Changing Child Labor Laws
Child labor is a complicated problem in India, and she has faced many challenges. The Indian government had long prohibited any school drop-outs from ever being allowed to attend a government school again. Due to the transient nature of migrant communities, migrant children are a greater risk for being considered drop-outs. This drastically increased the likelihood that they would be forced into child labor practices. Anuradha is also the director of AVANI which rescues, shelters and provides education for these children.
Early on Anuradha realized that simply working to rescue and educate these children was not sufficient. She needed to work toward changing the very laws that were hindering children from being granted their basic rights as Indian citizens. Analyzing the roles of various departments of government, Anuradha realized that there were indeed many laws, rights and benefits that were in existence yet simply not being granted to women and children.
To address these gaps, Anuradha worked with others to draft the Right to Education bill to provide free and compulsory education for all Indian children between the ages of 6 – 14. Anuradha worked for the next eight years lobbying the government to vote on their acceptance of the bill and making it into a law. “The Right to Education Act” was finally passed into law in April of 2010. However, this law only provided for the educational opportunities of children between the ages 6 – 14. As pleased as AVANI was for its role in the passing of the law, they then shifted their focus to the education of migrant children between the ages of 3 – 6 years. In response, AVANI began creating and operating schools directly in the brickyards for migrant children of this age group. To date 36 schools, housing 50 students each, have been established to educate the drop out students and children of migrant laborers, especially from the brickyards.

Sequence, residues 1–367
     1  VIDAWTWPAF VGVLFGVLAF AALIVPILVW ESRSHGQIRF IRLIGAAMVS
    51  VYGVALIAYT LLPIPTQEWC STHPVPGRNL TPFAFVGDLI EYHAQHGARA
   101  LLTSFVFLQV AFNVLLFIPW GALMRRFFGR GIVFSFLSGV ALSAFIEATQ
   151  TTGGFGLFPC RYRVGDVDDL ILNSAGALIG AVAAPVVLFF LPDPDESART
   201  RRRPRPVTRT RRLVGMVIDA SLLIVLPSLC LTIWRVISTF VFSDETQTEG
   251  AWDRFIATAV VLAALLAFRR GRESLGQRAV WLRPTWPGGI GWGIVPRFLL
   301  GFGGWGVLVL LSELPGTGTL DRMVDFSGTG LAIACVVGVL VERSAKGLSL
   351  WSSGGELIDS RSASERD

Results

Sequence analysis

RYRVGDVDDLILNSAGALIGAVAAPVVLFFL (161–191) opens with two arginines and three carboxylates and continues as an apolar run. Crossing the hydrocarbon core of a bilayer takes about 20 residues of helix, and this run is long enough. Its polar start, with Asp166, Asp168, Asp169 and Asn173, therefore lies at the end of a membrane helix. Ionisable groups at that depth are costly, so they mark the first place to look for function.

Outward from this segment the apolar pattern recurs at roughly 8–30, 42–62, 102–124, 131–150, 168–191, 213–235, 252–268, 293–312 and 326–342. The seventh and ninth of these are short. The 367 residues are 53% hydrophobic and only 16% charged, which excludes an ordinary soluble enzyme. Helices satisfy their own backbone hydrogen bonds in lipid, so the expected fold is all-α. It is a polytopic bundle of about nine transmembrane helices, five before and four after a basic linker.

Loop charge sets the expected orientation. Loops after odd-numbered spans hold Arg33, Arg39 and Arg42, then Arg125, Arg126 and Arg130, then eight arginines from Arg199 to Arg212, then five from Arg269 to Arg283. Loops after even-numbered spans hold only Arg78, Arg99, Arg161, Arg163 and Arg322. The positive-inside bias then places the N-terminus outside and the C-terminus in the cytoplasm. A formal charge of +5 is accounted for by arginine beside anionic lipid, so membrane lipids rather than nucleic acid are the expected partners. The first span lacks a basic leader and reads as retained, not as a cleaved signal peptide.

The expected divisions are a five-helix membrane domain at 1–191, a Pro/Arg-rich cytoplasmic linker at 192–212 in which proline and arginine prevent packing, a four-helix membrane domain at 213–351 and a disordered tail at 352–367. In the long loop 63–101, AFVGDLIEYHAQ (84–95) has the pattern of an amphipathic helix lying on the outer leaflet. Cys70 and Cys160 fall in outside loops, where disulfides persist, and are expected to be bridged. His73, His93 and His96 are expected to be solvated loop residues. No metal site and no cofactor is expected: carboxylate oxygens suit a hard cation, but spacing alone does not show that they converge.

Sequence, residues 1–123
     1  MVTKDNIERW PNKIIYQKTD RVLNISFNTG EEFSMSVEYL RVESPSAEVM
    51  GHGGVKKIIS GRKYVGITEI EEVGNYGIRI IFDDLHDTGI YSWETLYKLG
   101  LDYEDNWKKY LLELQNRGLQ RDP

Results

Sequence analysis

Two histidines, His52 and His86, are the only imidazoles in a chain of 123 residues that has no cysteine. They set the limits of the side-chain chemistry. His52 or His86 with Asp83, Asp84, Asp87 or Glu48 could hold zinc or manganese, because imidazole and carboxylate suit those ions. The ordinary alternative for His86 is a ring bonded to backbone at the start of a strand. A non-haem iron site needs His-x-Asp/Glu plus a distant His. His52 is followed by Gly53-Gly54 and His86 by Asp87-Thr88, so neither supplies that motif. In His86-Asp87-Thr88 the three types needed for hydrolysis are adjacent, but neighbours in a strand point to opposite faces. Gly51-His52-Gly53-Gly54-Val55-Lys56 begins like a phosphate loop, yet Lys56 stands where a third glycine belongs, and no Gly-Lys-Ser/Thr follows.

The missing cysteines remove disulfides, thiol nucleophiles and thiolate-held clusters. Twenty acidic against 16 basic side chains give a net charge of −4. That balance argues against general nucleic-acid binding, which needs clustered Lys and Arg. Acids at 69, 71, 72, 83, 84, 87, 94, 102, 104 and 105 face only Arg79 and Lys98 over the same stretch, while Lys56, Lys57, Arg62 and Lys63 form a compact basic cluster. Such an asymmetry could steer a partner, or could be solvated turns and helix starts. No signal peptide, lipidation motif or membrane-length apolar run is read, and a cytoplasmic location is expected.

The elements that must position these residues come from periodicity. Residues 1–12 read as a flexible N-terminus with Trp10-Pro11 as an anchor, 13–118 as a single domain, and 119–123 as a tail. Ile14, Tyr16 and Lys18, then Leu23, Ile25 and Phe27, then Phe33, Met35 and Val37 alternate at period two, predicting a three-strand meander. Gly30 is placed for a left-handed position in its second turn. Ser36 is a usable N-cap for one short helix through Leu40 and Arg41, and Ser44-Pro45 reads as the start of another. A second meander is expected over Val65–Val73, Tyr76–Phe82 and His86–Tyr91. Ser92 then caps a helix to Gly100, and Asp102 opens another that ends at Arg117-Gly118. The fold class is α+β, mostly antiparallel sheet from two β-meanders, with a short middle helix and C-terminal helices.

“For the migrant children we put them in rescue shelters. We provide clothing, shelter, food and they take a base course to regularize them regarding hygiene and basic social skills. We counsel the family to help their mother become self-reliant. Then the child can turn back to the mother for support,” she says.
“We also work with the police and the judiciary. We want to work with the system and train the police and judges how they can look differently at these problems. We want to make it sustainable by changing the systems. That provides better results for these women and children.”